A microcosting approach was used to calculate the per-patient cost for HL and nephroblastoma management. Costs were analyzed retrospectively from the provider perspective for the 2014 fiscal year (July 1, 2013, to June 30, 2014). The provider perspective reflects costs incurred by the entities responsible for implementing the cancer care program. Our focus was on capturing the costs of implementing an effective cancer program and did not include patient costs, such as the out-of-pocket expenses of patients or the larger societal costs of treatment, such as lost productivity. Nor did it try to estimate what insurance coverage might be, because the national health care insurance in Rwanda does not currently cover cancer care.

The cost per patient was determined using an idealized patient receiving a full course of treatment, follow-up, and recommended social support in accordance with the national treatment protocol. The microcosting methodology was selected to allow for ministries of health and providers to better plan for the implementation of cancer programs. The sensitivity analysis demonstrates that these calculations are likely to give accurate estimates. All costs paid in Rwandan francs were converted to US dollars ($) using the conversion rate at the time of purchase, where available, and the median 2014 exchange rate of 674 Rwandan francs to 1US$ when a daily rate was not available.


An annualized total for fixed start-up costs, equipment, and supplies for the cancer center was calculated, and a proportion was assigned based on the total number of patients with cancer. All annual overhead costs for the oncology program (including security, administration, sewage, electricity, supplies and consumables, transport for blood products, landscaping, and maintenance) were assigned to each patient with cancer treated on the basis of patient volume and time on the ward. During the study period, most chemotherapy was administered as an in-patient treatment. Time on the ward was calculated assuming a total of 40 days for HL and 52 days for nephroblastoma, including both treatment and follow-up. The estimates are consistent with the average hospitalization time for a full course of treatment and one adverse event.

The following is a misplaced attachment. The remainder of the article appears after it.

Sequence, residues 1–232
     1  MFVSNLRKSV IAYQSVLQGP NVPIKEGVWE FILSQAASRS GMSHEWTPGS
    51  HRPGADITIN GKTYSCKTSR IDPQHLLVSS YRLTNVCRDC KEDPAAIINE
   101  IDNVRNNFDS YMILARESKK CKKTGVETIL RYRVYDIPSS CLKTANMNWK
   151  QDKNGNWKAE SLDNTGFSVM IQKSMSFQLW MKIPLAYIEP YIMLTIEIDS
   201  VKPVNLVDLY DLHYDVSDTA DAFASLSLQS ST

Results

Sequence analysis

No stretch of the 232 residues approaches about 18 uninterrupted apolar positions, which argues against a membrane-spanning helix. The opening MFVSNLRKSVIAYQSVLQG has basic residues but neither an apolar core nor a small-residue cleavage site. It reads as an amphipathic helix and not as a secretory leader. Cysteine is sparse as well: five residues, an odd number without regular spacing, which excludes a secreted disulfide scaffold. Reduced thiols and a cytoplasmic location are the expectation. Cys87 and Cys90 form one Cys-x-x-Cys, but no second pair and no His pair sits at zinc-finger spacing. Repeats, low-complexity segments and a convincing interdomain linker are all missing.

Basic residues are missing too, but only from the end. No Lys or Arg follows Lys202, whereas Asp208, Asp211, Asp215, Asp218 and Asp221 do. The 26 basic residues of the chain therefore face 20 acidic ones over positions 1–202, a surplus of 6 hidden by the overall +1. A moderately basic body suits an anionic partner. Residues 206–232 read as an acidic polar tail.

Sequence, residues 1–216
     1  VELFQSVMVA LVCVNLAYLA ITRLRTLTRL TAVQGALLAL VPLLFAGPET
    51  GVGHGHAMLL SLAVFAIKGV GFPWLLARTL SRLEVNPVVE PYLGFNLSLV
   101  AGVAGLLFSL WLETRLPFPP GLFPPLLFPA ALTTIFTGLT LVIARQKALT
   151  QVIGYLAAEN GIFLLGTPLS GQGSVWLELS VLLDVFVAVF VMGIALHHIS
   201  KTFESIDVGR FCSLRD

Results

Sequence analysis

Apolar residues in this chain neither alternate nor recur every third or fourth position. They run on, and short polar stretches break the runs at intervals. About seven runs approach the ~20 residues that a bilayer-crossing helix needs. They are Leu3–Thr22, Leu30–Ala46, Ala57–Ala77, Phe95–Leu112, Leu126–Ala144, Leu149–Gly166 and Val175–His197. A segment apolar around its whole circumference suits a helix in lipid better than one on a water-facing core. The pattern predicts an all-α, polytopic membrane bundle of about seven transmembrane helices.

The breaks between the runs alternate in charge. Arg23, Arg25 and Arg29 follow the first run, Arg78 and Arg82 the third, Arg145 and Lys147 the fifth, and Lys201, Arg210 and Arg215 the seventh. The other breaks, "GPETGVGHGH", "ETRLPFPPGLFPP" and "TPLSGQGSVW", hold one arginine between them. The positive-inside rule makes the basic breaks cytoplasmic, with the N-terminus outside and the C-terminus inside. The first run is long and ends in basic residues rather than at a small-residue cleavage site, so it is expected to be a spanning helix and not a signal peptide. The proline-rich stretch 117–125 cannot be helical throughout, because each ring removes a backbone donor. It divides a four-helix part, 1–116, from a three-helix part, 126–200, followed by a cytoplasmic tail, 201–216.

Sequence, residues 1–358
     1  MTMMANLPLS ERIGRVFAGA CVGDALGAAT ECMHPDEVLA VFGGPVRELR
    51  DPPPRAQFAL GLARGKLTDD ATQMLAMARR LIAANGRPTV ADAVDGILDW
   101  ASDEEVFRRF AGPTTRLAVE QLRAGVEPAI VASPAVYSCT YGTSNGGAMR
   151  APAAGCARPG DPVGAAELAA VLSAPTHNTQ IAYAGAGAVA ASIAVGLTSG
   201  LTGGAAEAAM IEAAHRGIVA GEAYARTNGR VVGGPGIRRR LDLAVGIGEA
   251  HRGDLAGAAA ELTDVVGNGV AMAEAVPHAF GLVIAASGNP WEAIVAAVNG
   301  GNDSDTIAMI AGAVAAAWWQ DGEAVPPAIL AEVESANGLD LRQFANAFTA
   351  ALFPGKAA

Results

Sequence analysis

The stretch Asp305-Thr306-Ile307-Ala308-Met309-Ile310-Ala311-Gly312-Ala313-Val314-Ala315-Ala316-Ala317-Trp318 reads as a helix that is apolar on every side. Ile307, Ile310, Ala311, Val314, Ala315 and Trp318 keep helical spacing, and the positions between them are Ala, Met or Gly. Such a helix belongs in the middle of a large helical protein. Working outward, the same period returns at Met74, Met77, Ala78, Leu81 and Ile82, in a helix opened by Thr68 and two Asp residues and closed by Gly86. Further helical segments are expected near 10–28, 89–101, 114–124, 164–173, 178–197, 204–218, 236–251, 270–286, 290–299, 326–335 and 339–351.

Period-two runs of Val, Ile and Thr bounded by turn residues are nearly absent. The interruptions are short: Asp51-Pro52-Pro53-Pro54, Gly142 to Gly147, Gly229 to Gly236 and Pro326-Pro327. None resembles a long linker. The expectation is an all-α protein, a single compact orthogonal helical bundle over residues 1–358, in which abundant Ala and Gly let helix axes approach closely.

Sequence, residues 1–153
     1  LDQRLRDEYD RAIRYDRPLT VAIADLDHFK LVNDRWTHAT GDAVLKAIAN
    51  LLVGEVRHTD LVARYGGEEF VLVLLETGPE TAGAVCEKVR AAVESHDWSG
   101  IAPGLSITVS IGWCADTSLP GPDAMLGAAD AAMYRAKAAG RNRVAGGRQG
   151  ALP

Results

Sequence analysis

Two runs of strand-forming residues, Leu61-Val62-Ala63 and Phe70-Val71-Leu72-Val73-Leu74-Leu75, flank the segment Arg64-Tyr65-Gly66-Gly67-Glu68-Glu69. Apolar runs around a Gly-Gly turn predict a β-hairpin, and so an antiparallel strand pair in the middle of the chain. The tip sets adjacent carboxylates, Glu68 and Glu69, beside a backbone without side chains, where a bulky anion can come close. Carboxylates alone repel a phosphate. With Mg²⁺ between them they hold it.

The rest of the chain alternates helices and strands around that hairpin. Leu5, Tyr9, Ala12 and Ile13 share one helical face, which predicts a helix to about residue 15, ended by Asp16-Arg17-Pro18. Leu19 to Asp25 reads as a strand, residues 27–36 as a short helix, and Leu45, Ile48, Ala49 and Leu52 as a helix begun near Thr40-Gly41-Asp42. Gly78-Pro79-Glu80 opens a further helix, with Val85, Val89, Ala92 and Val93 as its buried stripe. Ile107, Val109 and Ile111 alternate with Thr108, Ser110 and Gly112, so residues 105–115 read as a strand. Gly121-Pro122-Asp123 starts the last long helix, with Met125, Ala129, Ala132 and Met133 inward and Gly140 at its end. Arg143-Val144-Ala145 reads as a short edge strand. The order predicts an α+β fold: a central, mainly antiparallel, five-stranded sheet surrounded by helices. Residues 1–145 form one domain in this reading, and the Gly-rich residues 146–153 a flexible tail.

Chemotherapy and supportive care medications.

All chemotherapy and supportive care drugs were enumerated following the established treatment protocol for each disease in Rwanda. Chemotherapy costs for nephroblastoma were calculated assuming a child with metastatic disease stage and a body surface area of 0.6 m2 and weight of 15 kg. Chemotherapy costs for HL were calculated assuming a child with stage III HL, a body surface area of 1 m2 and a weight of 30 kg. Drug prices were calculated based on prices paid by the Partners in Health procurement team at the time of treatment and vial usage. The Partners in Health procurement team is able to negotiate prices across their delivery sites, resulting in economies of scale. Oncology drugs are exempt from taxation in the country. On the basis of vial usage, the methodology accounts for drug waste and leads to results that are both more accurate and more conservative.

Computed tomography scans and surgery.

Computed tomography (CT) scans and surgery were conducted off site at a referral hospital in Kigali. The 2012 Rwandan National Reference for Rates and Hospital Centres5 was used to determine the full cost of appropriate CT scans and surgery per patient with nephroblastoma. CT scans are currently not part of the protocol for pediatric HL and were therefore not included.